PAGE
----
Musings: The Philadelphia Athletics Historical Society

By Dick Flavin
Boston Red Sox Poet Laureate
and New York Times Best Selling Author

Sixteen years ago I set out on the road trip of a lifetime for any Red Sox fan. I drove by
automobile from Massachusetts to Florida with Dom DiMaggio and Johnny Pesky to visit
their ailing teammate, Ted Williams. Our adventure was later chronicled by the late
David Halberstam in his book, The Teammates.
This is the story of the first stop on that trip.
On late Saturday afternoon, October 20, 2001, we pulled up to a hotel in the suburbs of
Philadelphia where a reunion of the Philadelphia Athletics Historical Society was being
held. The society had for years been inviting Dom to its annual meeting but it had never
worked out. This year, however, it coincided with our road trip, so Dom had accepted the
invitation and told the sponsors he’d have Johnny Pesky with him.
The hotel was crawling with old fans of the A’s, who had left town back in 1955. They
immediately engulfed Dom and Johnny who got down to the business of signing
autographs. I went to my room to think of what I would do when we got to Ted’s house
to justify my presence there. I had been reciting “Casey at the Bat” for years and decided
to convert the poem to “Teddy at the Bat,” a tale of the great Red Sox teams when Dom
batted leadoff, Johnny hit second and Ted had batted third. At dinner I ran it by Dom and
Johnny and Dom said, “That’s perfect. We’ll have you do it tomorrow at the breakfast.”
The breakfast was the highlight of the reunion. On Sunday morning more than five
hundred people jammed into the hotel ballroom. One old fan came over to our table and
said, “If we’d had this many people at the games the A’s woud still be in Philadelphia.”
I recited “Teddy at the Bat” for the first time. This was the out-of- town tryout before its
official debut at Ted’s house in two days. It went well with one small hiccup. As I was
going through the histrionics of Teddy’s coming up to the plate I became aware that I was
holding the imaginary bat in a right-handed grip. Nobody will notice, I said to myself,
and went on with the poem.
There were old Athletics players in the crowd, such as Eddie Joost, a highly ranked
shorstop, and Bobby Shantz, an all-star pitcher. Mickey Vernon, who never played for
the Athletics but who lived in the area, was an honored guest. As Dom surveyed the crowd he said to me, “My God, there’s Billy Werber. We almost got into a fight one
Werber was a well-travelled infielder in the nineteen-thirties and early forties who served
hitches with both the Red Sox and Athletics. In 1940, when Dom was a rookie in his first
spring training, the Red Sox had an exhibition game with the Cincinnatti Reds, for whom
Werber was playing third base. Dom came up to bat, noticed that Werber was playing
deep, and dropped down a bunt which he easily beat out for a hit. Werber, convinced that
the rookie was trying to show him up, let loose with a tirade of invective and he wouldn’t
let up. Finally Dom had enough and he had to be held back from belting Werber in the
chops. Dom wondered if Werber, then ninety-three years old, would even remember the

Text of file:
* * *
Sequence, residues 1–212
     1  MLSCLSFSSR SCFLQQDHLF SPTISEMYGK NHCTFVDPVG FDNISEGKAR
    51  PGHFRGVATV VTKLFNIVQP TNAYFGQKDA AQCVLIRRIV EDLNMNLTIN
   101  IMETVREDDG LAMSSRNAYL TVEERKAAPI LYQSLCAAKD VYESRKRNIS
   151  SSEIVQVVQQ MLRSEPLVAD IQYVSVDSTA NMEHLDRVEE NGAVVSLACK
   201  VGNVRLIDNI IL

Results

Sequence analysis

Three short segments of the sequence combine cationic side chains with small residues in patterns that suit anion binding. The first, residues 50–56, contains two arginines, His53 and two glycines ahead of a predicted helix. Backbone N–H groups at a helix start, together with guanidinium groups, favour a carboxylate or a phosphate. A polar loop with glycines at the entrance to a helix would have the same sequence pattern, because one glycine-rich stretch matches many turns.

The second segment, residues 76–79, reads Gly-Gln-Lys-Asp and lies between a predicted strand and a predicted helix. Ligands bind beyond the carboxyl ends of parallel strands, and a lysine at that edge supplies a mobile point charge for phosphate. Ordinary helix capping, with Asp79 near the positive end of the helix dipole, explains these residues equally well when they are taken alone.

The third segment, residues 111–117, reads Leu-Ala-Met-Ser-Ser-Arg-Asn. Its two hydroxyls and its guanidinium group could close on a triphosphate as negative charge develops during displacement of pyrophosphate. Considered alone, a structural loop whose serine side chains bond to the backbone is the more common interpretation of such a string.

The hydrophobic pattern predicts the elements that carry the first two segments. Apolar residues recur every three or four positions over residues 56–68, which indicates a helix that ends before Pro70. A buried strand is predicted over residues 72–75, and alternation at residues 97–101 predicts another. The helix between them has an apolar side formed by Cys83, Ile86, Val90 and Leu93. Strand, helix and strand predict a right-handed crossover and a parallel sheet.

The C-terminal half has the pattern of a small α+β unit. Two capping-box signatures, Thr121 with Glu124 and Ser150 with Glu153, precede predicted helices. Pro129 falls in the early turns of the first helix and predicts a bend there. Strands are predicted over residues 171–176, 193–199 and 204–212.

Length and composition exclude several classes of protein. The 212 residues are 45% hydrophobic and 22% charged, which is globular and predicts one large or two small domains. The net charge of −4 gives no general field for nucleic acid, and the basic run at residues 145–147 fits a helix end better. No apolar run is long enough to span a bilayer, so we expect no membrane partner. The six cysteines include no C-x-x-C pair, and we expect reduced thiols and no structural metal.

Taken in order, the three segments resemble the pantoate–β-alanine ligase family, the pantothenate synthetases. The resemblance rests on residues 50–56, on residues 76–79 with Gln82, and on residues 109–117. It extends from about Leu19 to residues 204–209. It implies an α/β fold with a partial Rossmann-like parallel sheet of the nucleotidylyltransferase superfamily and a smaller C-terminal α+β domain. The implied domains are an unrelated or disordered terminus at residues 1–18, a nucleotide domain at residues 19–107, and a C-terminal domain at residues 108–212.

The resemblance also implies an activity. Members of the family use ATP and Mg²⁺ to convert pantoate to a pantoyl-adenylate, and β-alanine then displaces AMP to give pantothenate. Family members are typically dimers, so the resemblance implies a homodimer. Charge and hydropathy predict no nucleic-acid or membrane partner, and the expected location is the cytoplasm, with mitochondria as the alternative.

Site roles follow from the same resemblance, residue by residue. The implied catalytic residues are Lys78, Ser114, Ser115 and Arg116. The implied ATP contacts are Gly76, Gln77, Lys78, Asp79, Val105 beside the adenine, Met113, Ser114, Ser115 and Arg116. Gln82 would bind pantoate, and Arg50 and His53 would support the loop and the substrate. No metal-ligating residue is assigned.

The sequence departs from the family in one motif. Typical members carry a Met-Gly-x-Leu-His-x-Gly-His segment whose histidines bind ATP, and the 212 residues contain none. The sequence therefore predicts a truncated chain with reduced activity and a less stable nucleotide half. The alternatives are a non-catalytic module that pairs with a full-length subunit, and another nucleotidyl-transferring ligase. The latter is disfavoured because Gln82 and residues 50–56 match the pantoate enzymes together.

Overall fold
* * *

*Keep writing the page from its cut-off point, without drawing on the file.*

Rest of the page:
When Werber, who was quite infirm, was called on to speak he had to be assisted to the
podium, but he showed that he still had his wits about him. He opened by saying, “That
young fellow who recited the poem was pretty good but someone should tell him that
Williams was a left-handed batter.” I never again made the mistake of holding Ted’s
imaginary bat in a right-handed grip
As Werber gazed out over the audience, he spotted Dom. “Oh, there’s Dom DiMaggio,”
he said. “He once offered to punch me in the nose. I politely declined.”
His version of the story might have a bit more benign than Dom remembered, but he had
not forgotten.
When Dom got up to speak I realized why the historical society had wanted him there so
much. He had special relationships with two Philadelphia legends who had finished up
their careers in Boston, Jimmie Foxx and Lefty Grove.
Dom had roomed with Foxx during his rookie year and he remembered him as a generous
and warm-hearted person. Grove, on the other hand, was famously short-tempered and
could be hard to get to know. Dom remembered Foxx introducing himself to him on the
first day of spring training. No one introduced him to Grove, though, and for two weeks
the two never spoke. Dom was a painfully shy rookie and Grove a stand-offish future
Hall of Fame member. There would be times the two rode in the same elevator with not a
word passing between them.
One day Dom was heading into the team’s spring training hotel in Sarasota, and, sitting
right by the front door, there was Lefty Grove. There was no avoiding it, Dom’s heart
was pounding. He screwed up his courage and said, “Hello, Lefty.” Grove grabbed him
by the hand and said, “Dom! How are you? Pull up a seat, let’s talk.” The two sat for
hours talking baseball and family and a bond started to grow between them.
Dom said that one of the great thrills of his rookie season was just a routine play. He
made the final putout in Grove’s three hundredth and final career victory and presented

the ball to Lefty after the game. That night Grove celebrated his victory with just two
teammates, Jimmie Foxx and Dom DiMaggio.
When the breakfast was over Dom, Johnny and I piled into Dom’s Jaguar to continue our
road trip to Ted’s house. As we pulled away from the hotel Dom turned to us and said,
“We just took Philadelphia by storm.”